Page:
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The Only 19th Century Author to Name an NFL Team
on April 13, 2001
Edgar Allan Poe of Baltimore wrote the memorable poem, "The Raven", and that poem inspired the name of Baltimore's current NFL team. But naming football teams is not all he was good at. Poe wrote science fiction, horror, mystery, and detective stories. He is credited by some with the invention of the modern detective story. It is certain that Dupin, the hero of "Murders in the Rue Morgue", served as a model for Sherlock Holmes, who in turn inspired Hercule Poirot. One of Poe's short stories, "The Murder of Marie Roget", might even be classified as true crime. Although placed in Paris, it was based upon the true-life unsolved murder in New York of Mary Rogers. Poe never went to the scene of the crime, and everything he knew about the murder he got from the newspaper. Nevertheless he wrote a story in which he solved the murder and identified the murderer. His speculation was later confirmed in all major details by two confessions.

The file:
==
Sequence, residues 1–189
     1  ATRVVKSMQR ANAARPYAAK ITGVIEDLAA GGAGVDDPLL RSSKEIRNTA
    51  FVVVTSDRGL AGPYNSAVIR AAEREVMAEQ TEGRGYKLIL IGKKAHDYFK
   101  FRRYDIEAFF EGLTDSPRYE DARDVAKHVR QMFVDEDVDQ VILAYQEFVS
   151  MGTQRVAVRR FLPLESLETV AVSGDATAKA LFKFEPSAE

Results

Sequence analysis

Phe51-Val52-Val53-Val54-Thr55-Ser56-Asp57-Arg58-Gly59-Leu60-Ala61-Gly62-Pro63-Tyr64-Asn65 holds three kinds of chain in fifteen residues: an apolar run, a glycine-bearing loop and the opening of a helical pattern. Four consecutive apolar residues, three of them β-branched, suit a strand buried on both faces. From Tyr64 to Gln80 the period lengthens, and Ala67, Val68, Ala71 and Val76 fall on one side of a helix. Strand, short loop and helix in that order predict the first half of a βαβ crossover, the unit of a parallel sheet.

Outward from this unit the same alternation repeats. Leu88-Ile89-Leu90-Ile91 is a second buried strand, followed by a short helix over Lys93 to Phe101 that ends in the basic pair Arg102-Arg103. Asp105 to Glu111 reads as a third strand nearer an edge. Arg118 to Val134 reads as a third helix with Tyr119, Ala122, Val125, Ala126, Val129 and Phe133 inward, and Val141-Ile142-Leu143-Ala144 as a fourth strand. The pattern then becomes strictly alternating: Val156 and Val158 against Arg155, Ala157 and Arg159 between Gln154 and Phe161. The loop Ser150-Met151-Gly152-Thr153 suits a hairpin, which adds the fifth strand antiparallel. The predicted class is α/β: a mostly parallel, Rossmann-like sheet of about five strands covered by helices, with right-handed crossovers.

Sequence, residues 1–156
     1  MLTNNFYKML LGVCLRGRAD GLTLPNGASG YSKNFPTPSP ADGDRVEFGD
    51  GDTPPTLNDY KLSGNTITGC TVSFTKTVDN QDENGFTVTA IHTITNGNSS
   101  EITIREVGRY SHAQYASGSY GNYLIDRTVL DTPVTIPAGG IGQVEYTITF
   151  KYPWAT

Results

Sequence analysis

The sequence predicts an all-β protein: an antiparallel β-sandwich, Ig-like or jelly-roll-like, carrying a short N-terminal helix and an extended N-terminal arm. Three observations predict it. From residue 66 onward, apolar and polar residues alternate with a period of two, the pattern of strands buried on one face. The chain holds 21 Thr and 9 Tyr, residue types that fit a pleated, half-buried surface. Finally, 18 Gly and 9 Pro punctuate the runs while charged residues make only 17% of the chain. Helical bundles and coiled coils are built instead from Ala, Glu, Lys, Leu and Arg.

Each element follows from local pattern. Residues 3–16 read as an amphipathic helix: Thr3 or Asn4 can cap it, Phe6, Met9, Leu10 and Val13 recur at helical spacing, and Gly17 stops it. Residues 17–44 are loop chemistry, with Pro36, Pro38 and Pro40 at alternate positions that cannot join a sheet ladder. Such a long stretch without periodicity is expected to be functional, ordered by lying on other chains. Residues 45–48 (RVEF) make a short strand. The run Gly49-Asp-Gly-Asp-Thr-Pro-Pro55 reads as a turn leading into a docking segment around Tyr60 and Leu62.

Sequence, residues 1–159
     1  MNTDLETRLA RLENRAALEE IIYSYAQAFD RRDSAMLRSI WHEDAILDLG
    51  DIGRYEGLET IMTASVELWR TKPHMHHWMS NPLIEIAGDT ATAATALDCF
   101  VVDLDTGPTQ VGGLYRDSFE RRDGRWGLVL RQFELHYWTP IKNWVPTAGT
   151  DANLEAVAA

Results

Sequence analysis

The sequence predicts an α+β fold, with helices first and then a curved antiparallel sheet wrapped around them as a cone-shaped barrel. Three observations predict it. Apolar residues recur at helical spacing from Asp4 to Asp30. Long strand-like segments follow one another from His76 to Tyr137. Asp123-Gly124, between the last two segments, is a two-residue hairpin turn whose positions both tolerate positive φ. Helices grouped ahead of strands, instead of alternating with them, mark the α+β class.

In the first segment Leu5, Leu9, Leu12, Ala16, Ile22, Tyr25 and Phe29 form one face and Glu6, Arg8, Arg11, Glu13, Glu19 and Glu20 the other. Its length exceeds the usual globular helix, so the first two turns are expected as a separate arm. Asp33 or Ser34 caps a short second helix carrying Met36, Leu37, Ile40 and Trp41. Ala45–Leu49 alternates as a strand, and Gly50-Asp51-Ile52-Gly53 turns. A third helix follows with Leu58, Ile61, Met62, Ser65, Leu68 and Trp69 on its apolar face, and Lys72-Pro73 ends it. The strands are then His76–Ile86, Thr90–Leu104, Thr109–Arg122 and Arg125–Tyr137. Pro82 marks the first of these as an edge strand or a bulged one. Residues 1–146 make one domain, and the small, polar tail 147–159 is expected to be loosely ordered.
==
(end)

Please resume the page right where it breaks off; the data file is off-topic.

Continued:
I read Poe's works as a pre-teen child, and some of the stories frightened me so badly that I can remember the details to this day. "The Pit and the Pendulum", "The Premature Burial", "The Black Cat", "The Fall of the House of Usher", "The Tell Tale Heart". All these stories and more will keep you on the edge of your seat.
Poe's longest work, "The Narrative of A. Gordon Pym", proved somewhat tedious, and his poetry isn't the best, but the short stories are great.